In reality, while Bernie Sanders maintains the mistaken idea that the Democratic Party can be transformed, his campaign actually shows that the potential exists to build our own independent political party. Such a party – drawing together socialists, trade unionists, young people, and progressives of all stripes – would provide us with an absolutely necessary tool to mobilise millions against big business. While Bernie is running for the Democratic nomination, many of his supporters understand that the Democratic Party is dominated by the richest 1%. Many are correctly repelled by Bernie Sanders’ plan to back Clinton’s Wall Street funded campaign if he loses the rigged primary process.
There is a very real danger that the movement behind Sanders could be channelled into the Democratic Party. Socialist Alternative is actively mobilising in the opposite direction. We are getting a huge echo among Bernie’s supporters as we point to the potential for running left-wing candidates for all levels of government against both right-wing Republicans and Wall Street Democrats, independent of corporate cash. Out of this movement, we must aim to gather the seeds for a new mass party of, by, and for working people.
We are seeing deep cracks and divisions emerge between the working-class voters and the fundamentally pro-corporate and pro-capitalist character of the Democratic Party. As Michael Bloomberg’s threat to run as an independent shows, if Sanders wins the primaries, the ruling class and the corporate forces which control the Democratic Party would revolt.
They would go all-out to attempt to sabotage Sanders in the general election rather than allow the movement behind him to consolidate its position. The Democratic Party Convention even has a mechanism for blocking a potential Sanders victory through the use of ‘super-delegates’ – nearly 800 Democratic Party officials who make up about 20% of the total delegate vote. This means that, even if Sanders wins a majority in the primaries, the super-delegates could be used undemocratically to overturn that result. However, the party establishment would prefer to avoid blatantly using the super-delegates because it would further expose the undemocratic and corporate nature of the party. At this stage, they still aim to defeat Sanders in the primaries and caucuses.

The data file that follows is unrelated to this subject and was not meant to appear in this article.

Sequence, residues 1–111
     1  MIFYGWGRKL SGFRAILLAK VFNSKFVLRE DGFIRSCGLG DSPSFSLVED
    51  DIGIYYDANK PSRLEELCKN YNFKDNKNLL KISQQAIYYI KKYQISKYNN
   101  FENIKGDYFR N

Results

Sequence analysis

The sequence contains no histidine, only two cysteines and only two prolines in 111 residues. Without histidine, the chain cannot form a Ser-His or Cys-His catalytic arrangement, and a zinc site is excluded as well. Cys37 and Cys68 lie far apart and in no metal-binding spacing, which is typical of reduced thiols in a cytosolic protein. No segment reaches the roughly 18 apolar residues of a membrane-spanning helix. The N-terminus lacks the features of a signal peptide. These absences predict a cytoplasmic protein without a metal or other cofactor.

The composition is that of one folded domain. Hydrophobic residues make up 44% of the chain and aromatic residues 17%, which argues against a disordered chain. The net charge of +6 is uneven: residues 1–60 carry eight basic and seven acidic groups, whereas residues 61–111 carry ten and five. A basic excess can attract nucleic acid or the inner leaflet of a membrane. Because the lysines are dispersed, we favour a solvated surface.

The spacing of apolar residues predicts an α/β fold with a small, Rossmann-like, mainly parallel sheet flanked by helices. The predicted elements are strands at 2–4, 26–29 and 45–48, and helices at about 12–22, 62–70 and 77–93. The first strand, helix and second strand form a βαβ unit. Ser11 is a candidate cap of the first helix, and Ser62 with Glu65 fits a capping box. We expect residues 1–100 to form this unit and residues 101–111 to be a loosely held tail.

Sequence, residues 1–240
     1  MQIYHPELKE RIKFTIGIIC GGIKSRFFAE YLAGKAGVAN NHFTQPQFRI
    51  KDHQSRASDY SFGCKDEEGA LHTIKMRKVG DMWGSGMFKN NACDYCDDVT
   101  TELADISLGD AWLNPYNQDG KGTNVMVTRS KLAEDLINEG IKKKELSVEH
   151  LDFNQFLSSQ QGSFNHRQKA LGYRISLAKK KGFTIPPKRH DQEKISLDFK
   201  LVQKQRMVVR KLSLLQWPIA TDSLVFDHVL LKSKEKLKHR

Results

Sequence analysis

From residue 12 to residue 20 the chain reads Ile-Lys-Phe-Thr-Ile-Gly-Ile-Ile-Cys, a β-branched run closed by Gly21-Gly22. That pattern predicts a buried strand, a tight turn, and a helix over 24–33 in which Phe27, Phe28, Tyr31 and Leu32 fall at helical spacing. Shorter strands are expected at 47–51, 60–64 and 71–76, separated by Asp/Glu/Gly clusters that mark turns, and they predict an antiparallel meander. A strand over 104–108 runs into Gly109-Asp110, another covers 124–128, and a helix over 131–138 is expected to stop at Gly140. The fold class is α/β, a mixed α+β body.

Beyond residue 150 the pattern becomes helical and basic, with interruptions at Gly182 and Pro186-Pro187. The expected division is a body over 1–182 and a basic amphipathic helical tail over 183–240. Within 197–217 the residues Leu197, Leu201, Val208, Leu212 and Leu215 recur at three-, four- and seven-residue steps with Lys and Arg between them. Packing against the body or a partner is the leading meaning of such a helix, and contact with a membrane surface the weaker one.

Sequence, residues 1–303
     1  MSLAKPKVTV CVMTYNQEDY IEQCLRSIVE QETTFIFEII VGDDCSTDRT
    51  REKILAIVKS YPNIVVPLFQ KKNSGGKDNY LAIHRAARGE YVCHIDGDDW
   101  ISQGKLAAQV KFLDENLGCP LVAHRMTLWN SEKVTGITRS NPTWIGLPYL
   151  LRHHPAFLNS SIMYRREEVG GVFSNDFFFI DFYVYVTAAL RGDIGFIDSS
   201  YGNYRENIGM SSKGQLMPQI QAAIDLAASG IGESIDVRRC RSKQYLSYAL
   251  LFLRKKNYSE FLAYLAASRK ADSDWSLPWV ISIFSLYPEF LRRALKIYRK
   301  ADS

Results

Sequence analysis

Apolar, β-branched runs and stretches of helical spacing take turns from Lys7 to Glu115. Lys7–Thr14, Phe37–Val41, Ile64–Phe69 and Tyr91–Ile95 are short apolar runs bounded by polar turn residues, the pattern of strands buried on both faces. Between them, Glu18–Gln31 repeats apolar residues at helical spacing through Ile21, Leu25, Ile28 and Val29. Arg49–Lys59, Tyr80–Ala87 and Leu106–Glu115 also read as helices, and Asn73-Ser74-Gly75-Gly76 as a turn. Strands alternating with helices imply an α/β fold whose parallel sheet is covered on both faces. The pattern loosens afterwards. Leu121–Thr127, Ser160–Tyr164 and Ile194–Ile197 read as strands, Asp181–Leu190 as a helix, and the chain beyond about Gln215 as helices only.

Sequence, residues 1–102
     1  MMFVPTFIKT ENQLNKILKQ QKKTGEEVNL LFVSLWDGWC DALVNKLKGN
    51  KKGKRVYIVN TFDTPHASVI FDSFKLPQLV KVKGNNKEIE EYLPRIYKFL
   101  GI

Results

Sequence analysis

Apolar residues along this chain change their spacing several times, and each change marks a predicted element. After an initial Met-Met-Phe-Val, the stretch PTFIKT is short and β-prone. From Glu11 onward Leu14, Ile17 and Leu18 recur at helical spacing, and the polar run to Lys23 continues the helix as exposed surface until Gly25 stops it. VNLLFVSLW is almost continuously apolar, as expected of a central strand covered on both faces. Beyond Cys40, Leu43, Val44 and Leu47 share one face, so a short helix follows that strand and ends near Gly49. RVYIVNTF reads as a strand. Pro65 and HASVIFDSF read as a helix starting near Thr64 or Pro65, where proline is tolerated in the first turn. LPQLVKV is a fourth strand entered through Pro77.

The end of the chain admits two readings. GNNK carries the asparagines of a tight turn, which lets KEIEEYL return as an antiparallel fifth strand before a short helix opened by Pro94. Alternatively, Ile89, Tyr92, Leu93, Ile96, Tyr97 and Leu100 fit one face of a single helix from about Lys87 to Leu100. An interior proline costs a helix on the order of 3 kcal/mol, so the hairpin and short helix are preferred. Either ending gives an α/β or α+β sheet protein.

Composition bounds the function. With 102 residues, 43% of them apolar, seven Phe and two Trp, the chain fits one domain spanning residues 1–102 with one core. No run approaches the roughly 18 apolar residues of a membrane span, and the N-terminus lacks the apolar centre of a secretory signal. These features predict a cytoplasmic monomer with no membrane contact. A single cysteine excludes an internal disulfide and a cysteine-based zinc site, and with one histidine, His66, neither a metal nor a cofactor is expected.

The decisive fight in the Democratic primaries will unfold in the next period. Fifty-six percent of all primary and caucus delegates are up for grabs in March. To win the election, and more broadly to win the programme motivating Bernie’s supporters, the movement behind Bernie cannot limit itself to the traditional top-down, staff-driven campaign model created for corporate candidates. It will require the bottom-up, self-organisation of the movement. And the stronger our self-organisation today, and the deeper our political independence from the Democratic Party establishment, the more capable we will be to continue the struggle for a political revolution, regardless of the outcome of the primary fight or general election.
The Sanders campaign has already opened a new era in US politics. In the weeks ahead, the potential exists to strike an even more powerful blow against corporate politics, shaking the foundations of the corporate controlled two-party system, and opening up a new wave of political struggle for a far-reaching, socialist change.
Patrick Ayers, Socialist Alternative (CWI in the USA)